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Extra or Missing Chromosomes

In Down syndrome besides regular trisomy there is a chance of having a translocation of chromosome no.21 with chromosomes 13, 14,or 15. One of the parents can be a balanced carrier of this translocation. I read that if a father is carrier then there is an increased chance of having an affected child than if the mother is a carrier of translocation. Why is this difference?

May 25, 2004

Good question. I knew about translocation mutations and Down syndrome but hadn't looked into it in too much detail before.

People usually have two copies of each chromosome (except for the sex chromosomes, X and Y). About 95% of Down syndrome cases are caused by having three copies of chromosome 21, as shown in the image to the right.

About 3-4% of cases are because some or all of chromosome 21 has been translocated or moved to another chromosome. For Down syndrome cases, the most common chromosome for part or all of 21 to be stuck to is 14, although 13, 15, 21, and 22 also happen.

A balanced carrier is someone who has the right amount of chromosome 21 but one of the pairs is stuck to another chromosome (see the image to the right). These people still have 2 copies of chromosome 21 and so don't have any Down syndrome symptoms. However, they can give their kids Down syndrome.

How can this happen? Let's use the carrier from Figure 2 as an example. Through normal sperm production, it is possible for his body to make a sperm with the chromosome made from chromosomes 14 and 21 and the "free" chromosome 21. When combined with a "normal" egg, a Down syndrome baby will be the result because the baby will have 3 copies of chromosome 21.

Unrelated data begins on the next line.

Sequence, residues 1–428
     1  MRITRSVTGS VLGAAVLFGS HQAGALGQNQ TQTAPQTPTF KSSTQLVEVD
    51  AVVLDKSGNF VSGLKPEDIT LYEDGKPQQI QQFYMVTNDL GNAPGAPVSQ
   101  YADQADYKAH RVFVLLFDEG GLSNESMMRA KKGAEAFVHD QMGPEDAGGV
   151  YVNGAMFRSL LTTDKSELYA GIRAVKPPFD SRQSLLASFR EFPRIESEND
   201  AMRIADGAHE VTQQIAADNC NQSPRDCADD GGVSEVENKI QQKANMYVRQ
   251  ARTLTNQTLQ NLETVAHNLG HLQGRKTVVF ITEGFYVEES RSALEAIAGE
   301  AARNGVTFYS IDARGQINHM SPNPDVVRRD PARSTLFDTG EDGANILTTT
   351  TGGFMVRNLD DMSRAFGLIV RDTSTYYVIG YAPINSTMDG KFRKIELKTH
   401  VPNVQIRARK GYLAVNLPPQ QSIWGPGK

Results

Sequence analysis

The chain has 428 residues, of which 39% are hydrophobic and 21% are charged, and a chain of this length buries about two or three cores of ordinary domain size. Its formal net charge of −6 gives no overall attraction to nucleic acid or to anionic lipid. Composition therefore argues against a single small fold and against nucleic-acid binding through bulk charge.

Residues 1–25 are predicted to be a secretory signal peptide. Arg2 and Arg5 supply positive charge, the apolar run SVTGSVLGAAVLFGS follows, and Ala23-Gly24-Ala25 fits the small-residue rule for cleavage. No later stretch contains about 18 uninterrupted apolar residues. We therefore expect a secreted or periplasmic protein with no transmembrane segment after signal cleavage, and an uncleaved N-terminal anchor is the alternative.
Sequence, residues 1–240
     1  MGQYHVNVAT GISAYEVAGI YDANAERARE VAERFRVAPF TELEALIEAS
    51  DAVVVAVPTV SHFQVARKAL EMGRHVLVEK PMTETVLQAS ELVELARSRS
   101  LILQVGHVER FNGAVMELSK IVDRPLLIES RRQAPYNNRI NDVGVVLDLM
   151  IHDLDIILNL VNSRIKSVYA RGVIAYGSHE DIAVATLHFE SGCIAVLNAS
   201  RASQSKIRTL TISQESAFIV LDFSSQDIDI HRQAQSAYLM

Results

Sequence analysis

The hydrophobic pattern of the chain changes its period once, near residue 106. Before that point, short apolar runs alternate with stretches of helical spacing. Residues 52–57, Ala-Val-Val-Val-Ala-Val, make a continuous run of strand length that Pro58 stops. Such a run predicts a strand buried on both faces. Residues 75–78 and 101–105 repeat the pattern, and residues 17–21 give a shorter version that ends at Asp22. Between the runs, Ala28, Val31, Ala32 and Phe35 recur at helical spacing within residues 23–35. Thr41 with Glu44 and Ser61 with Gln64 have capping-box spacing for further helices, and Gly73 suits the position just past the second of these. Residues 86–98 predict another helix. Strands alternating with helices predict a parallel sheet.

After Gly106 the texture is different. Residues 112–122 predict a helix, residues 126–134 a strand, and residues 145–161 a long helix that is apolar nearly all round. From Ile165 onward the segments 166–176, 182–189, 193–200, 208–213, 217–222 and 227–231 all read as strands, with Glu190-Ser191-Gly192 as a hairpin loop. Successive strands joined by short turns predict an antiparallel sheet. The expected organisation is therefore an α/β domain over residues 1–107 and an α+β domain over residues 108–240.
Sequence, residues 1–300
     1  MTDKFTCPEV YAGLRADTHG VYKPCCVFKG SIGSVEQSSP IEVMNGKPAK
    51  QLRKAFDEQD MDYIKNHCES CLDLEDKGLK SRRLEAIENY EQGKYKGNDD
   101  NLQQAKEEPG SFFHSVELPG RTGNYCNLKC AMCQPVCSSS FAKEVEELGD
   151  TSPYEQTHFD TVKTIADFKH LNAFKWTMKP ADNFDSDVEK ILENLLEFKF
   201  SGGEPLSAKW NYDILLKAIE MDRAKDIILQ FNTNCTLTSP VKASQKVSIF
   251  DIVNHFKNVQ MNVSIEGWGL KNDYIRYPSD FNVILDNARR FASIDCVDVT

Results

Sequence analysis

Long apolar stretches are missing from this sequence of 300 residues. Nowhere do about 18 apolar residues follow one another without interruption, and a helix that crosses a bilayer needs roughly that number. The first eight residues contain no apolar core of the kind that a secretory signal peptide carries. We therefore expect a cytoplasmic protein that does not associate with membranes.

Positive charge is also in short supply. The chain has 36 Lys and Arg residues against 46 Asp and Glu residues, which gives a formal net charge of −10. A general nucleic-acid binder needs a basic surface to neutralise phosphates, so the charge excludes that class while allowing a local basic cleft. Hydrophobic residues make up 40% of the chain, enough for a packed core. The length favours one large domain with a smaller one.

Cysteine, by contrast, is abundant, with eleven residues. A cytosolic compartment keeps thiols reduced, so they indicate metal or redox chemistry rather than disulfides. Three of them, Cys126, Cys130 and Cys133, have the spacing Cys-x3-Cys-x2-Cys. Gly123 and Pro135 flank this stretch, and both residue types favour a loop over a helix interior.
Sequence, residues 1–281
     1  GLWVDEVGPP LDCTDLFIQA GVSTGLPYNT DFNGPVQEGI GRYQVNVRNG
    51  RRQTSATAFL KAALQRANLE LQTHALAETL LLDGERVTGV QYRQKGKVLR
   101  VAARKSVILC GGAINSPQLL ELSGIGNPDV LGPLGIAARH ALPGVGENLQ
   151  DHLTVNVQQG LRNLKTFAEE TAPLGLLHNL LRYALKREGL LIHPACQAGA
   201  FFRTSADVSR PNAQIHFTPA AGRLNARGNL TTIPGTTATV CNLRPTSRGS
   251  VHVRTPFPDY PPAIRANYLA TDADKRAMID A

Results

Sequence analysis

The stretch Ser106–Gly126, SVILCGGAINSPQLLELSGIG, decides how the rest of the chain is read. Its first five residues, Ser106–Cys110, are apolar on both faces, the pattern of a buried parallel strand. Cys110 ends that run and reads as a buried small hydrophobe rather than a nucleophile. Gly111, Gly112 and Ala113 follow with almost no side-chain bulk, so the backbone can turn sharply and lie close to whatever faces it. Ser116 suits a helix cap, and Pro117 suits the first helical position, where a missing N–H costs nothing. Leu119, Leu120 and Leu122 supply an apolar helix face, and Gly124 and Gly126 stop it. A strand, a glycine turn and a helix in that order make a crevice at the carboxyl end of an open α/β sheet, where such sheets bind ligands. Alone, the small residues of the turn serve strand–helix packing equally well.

So, finally to your question. Theoretically, there should be a 33% chance for a normal, a 33% chance for a balanced and a 33% chance for a Down syndrome child. (Part of the reason for these numbers is that 3 other possibilities, 1 copy of either chromosome 14 or 21, or 3 copies of chromosome 14, result in a nonviable fetus that is aborted naturally.) Instead of the theoretical 1 in 3 chance of having a child with Down syndrome, the actual numbers are 12% if the carrier is the mother and 3% chance if the father is the carrier.

Neither chance is the theoretical 1 in 3 because a high percentage of fetuses with three copies of chromosome 21 are naturally aborted. Why the difference between men and women? Researchers don't seem to know although there is some talk about it being due to the fact that women are born with all of their eggs while men make new sperm from puberty on. Because of this, there seems to be a selection against chromosomal abnormalities in sperm production which means men would produce fewer sperm with the wrong amount of DNA.

By Dr. Barry Starr, Stanford University

Around 95% of Down syndrome cases look like this.

When Down syndrome looks like this, it could have been passed down from parent to child.